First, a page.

If there was one thing members of the Yankees front office enjoyed talking about this winter, it was their goal of getting younger and more athletic. Whether it came from the mouth of Brian Cashman, special assistant Jim Hendry, club president Randy Levine or Hal Steinbrenner himself, the same talking point got hammered home early and often with little ambiguity. The Yankees were seeking
cheap energy and upside over expensive proven experience.
Somewhat surprisingly, the Yankees actually followed through on their agenda. Their noteworthy acquisitions in Aroldis Chapman, Starlin Castro and Aaron Hicks are all 27 or younger and they shed several twilight years players like Stephen Drew, Brendan Ryan, Chris Capuano and Chris Young. Five of the six pitchers who'll compete for starts in the Yankee rotation next year are under 30 as are all but one of their many bullpen options. The irony of the whole youth movement thing, though, is that the Yankees' two most important pieces heading into 2016 are a 35-year-old first baseman and a 40-year-old DH.
The Yankees first paired Mark Teixeira and Alex Rodriguez in the middle of their order in 2009 hoping to create their own version of the David Ortiz-Manny Ramirez combo that had punished them for years. It worked at first - the pair combined for 132 homers and 455 RBI in 2009 and 2010, but things took a quick turn after that. A-Rod spent much of the next four seasons on the disabled and suspended lists and Teixeira struggled for two full years to recover from the torn tendon sheath he suffered in his forearm while training for the 2013 World Baseball Classic. In 2013 and 2014, Teixeira and A-Rod combined to play in only 182 of 324 games, while hitting an abysmal .217/.318/.399. The Yankees, as a result, didn't score many runs. They finished tenth in the AL in offense in 2013 and twelfth in 2014 despite adding Brian McCann, Carlos Beltran and Jacoby Ellsbury.
For most of last year, Teixeira and A-Rod managed to channel their 2009 selves. They hit .252/.357/.513 with 64 home runs as a set and the Yankee lineup looked like a Yankee lineup again, finishing second in baseball in runs scored. The contrast between what the offense looked like with and without Tex-Rod intact was painfully stark. In the 97 games they both started, the Yankees were eleven games over .500 and averaged 4.98 runs while slashing .258/.326/.438 as a team. In the 66 where one or both was out, including game 163, the wildcard playoff, the team was six games under, hit .238/.312/.390 and scored .72 fewer runs.
|Yankee offense with...||W-L||Runs:Game||BA||OBP||SLG||AB:HR|
|Teixeira and A-Rod both starting||57-46||4.98||.258||.326||.438||24.47|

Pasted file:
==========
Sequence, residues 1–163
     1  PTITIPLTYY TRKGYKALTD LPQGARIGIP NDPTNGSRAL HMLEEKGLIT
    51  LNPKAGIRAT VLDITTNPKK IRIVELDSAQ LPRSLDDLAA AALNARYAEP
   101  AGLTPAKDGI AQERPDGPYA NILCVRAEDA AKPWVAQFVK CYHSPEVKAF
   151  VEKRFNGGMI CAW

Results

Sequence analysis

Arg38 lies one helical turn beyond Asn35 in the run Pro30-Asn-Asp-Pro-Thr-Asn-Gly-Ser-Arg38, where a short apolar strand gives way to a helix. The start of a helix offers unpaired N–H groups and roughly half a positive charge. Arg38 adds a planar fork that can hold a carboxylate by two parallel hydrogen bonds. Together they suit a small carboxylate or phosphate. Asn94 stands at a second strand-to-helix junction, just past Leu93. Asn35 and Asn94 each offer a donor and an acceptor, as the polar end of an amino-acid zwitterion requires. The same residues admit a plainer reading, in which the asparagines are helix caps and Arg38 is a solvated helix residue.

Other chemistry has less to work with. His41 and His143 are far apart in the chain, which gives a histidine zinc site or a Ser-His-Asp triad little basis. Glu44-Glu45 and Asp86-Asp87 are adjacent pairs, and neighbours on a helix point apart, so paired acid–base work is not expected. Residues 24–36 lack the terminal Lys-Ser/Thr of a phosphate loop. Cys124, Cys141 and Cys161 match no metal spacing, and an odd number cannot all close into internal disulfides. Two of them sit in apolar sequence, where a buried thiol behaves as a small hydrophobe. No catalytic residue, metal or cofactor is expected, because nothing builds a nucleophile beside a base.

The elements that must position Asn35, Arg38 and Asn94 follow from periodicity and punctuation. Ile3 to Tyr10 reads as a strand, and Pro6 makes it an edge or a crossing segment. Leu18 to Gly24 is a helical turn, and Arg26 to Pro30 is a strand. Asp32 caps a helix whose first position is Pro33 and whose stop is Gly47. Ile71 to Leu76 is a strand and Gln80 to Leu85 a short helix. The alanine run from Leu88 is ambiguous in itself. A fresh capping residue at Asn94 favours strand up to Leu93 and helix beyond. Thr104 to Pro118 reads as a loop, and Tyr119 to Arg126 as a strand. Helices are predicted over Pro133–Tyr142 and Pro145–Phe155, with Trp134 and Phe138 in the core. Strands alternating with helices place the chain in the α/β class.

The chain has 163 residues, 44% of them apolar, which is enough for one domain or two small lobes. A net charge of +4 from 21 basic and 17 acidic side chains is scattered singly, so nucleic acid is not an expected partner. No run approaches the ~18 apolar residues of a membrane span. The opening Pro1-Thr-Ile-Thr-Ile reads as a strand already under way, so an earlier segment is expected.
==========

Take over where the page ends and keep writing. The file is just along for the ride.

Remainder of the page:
|One or neither starting||30-36||4.26||.238||.312||.390||30.07|
Besides being the Yankees best two hitters overall, Teixeira and A-Rod are also their two best returning bats versus lefties. Their respective wRC+'s of 116 and 148 trailed only Young on the 2015 team. The rest of the top two-thirds of the order is all left-handed except for Beltran whose numbers from the right side since arriving in the Bronx have been brutal. Dustin Ackley, who is the best bet to get spot starts at first and DH, and to be a primary fill-in if either Teixeira or A-Rod goes down, is also lefty. Castro at second instead of Drew should help, and Hicks will eat up the at bats Young got last year, but the Yankees still need Tex-Rod at the heart of the order to limit their vulnerability to left-handed pitching.
Most teams would suffer mightily without their best or second-best hitter, but most teams' two best hitters aren't a combined 75 years old. The Yankees' situation is particularly dire thanks to the unfortunate likelihood that one or both will get hurt, or that at their advanced age, they just won't perform well again. Teixeira's season-ending leg fracture last August was a freaky shot of bad luck, but he's still played 123 games or less in each of the past four seasons. No one knows how A-Rod will respond coming back after not sitting out an entire year. Now that Greg Bird will miss all of 2016, the Yankees don't even have an adequate replacement in house. A return to the Lyle Overbay-Jayson Nix dark ages of 2013 suddenly seems not so unlikely.
This all brings up an unhappy dilemma for Joe Girardi. Do you get Teixeira and A-Rod ample rest throughout in hopes of staving off lengthy DL stints and fatigue-related regression? Or, knowing how badly their absence stings, even on a game-to-game basis, do you play them every day with fingers and toes crossed?